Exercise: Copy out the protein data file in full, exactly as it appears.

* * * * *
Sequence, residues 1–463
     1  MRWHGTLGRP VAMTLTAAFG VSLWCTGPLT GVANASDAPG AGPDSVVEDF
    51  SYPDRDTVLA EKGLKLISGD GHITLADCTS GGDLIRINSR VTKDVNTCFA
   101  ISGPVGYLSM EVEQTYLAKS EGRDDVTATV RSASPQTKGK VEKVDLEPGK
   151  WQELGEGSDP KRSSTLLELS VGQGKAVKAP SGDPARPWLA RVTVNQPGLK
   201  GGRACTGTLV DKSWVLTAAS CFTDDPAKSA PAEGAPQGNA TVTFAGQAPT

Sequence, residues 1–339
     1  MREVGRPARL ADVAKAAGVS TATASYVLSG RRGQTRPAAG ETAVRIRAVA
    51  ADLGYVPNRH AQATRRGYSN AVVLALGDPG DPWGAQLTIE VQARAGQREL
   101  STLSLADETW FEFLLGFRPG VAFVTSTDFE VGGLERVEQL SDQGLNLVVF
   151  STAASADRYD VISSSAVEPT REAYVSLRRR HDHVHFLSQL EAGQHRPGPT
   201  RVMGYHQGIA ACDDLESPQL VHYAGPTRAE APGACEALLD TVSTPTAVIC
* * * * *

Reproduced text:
Sequence, residues 1–463
     1  MRWHGTLGRP VAMTLTAAFG VSLWCTGPLT GVANASDAPG AGPDSVVEDF
    51  SYPDRDTVLA EKGLKLISGD GHITLADCTS GGDLIRINSR VTKDVNTCFA
   101  ISGPVGYLSM EVEQTYLAKS EGRDDVTATV RSASPQTKGK VEKVDLEPGK
   151  WQELGEGSDP KRSSTLLELS VGQGKAVKAP SGDPARPWLA RVTVNQPGLK
   201  GGRACTGTLV DKSWVLTAAS CFTDDPAKSA PAEGAPQGNA TVTFAGQAPT

Sequence, residues 1–339
     1  MREVGRPARL ADVAKAAGVS TATASYVLSG RRGQTRPAAG ETAVRIRAVA
    51  ADLGYVPNRH AQATRRGYSN AVVLALGDPG DPWGAQLTIE VQARAGQREL
   101  STLSLADETW FEFLLGFRPG VAFVTSTDFE VGGLERVEQL SDQGLNLVVF
   151  STAASADRYD VISSSAVEPT REAYVSLRRR HDHVHFLSQL EAGQHRPGPT
   201  RVMGYHQGIA ACDDLESPQL VHYAGPTRAE APGACEALLD TVSTPTAVIC